“Consequently, retail sales volumes were only up 0.8% year-on-year in January. Excluding fuel sales, the year-on-year increase was 1.2%. Furthermore, retail sales were still down 0.8% in the three months to January compared to the three months to October.
Outlook for consumer spending
“While showing marginal improvement, the February CBI distributive trades survey does not really do much to advance the case that the marked rise in consumer confidence following December’s decisive election has lifted their willingness to spend. The 0.9% month-on-month rise in January retail sales volumes had suggested this could be the case.
“Consumer confidence has clearly picked up since December’s election; this is evident in a number of surveys. GfK reported consumer confidence rose to a 16-month high in January from November's equal lowest level for 2019 (and since mid-2013). Additionally, the February IHS Markit’s household finance index showed consumers were the most upbeat about their finances since the survey began 11 years ago.
“Latest data show average annual earnings growth moderated to 2.9% in the three months to December (compared to an 11-year high of 3.9% in the three months to July 2019) with regular earnings growth at 3.2% and we suspect it is likely to stabilise around 3.2%. Despite consumer price inflation dipping to a 37-month low of 1.3% in December, ONS data indicated that real earnings growth moderated to 1.4% in the three months to December after rising to 2.0% in the three-months to June 2019 from just 0.1% in the three months to June 2018. The recent moderation in regular earnings growth has been less pronounced; it was 1.8% in the three months to December compared to a peak of 2.0% in the three months to June.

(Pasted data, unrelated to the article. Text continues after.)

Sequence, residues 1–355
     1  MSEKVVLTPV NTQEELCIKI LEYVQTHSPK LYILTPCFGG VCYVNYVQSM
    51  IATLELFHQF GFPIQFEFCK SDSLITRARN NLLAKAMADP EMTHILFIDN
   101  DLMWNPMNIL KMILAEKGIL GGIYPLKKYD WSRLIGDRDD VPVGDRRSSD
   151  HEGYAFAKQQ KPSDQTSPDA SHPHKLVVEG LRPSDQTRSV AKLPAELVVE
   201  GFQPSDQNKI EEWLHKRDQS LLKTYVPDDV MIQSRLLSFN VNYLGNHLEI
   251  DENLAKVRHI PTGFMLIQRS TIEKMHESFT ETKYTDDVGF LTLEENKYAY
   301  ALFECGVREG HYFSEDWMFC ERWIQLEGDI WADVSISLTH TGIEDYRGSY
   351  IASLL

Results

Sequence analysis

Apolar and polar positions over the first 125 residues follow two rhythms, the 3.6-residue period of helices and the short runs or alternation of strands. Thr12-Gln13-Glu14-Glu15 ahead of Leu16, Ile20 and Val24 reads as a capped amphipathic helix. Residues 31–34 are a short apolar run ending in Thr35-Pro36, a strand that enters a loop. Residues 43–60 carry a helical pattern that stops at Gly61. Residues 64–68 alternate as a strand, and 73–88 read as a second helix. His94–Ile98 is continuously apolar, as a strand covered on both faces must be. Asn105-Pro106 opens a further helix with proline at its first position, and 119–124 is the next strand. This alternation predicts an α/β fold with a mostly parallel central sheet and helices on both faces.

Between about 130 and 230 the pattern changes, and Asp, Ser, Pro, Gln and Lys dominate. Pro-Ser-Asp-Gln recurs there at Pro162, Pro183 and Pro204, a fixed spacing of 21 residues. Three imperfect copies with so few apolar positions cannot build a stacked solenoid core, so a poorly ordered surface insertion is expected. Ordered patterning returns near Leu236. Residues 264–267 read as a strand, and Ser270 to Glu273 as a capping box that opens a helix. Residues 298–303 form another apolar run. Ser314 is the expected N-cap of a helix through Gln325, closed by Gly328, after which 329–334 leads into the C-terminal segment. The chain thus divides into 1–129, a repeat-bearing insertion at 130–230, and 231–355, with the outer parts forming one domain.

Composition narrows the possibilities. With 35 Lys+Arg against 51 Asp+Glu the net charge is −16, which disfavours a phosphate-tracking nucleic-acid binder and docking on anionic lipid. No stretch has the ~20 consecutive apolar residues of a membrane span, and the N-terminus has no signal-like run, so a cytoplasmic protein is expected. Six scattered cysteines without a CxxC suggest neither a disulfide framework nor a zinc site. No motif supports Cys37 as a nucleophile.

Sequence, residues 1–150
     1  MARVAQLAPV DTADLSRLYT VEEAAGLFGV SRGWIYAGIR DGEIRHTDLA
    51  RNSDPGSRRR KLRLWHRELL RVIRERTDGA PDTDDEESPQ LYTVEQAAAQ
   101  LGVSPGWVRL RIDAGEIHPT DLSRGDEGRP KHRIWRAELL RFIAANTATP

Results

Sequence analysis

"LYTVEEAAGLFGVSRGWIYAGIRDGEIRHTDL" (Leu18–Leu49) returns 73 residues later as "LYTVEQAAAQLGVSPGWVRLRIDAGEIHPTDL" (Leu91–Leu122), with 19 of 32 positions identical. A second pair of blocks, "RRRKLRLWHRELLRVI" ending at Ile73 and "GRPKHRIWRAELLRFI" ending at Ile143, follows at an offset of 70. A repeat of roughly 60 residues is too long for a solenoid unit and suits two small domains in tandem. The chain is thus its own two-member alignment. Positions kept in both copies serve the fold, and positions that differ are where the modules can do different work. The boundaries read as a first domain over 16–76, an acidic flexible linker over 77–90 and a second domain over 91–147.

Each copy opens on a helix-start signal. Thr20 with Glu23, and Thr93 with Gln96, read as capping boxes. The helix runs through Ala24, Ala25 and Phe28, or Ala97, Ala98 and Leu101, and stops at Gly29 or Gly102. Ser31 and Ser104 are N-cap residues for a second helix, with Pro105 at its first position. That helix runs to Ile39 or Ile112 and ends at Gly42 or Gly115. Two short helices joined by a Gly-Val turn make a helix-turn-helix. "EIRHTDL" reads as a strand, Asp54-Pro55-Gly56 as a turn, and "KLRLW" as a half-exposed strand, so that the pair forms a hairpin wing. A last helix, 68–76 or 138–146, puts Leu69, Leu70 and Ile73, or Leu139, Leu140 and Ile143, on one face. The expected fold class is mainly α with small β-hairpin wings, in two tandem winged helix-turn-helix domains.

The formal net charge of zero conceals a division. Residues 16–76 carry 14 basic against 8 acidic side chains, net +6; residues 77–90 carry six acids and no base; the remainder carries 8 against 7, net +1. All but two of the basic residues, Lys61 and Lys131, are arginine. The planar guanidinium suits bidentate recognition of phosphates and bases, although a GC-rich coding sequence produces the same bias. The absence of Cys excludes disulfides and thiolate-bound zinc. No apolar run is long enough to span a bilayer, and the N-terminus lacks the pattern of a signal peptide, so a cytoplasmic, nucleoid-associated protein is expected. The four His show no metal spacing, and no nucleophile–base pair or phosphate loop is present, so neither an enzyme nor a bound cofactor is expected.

“Disappointing news for consumer purchasing power saw consumer price inflation spike to a six-month high of 1.8% in January from a 37-month low of 1.3% in December, but it still looks likely to trend back down to around 1.3% by mid-2020 and we expect it to average a modest 1.5% over 2020.”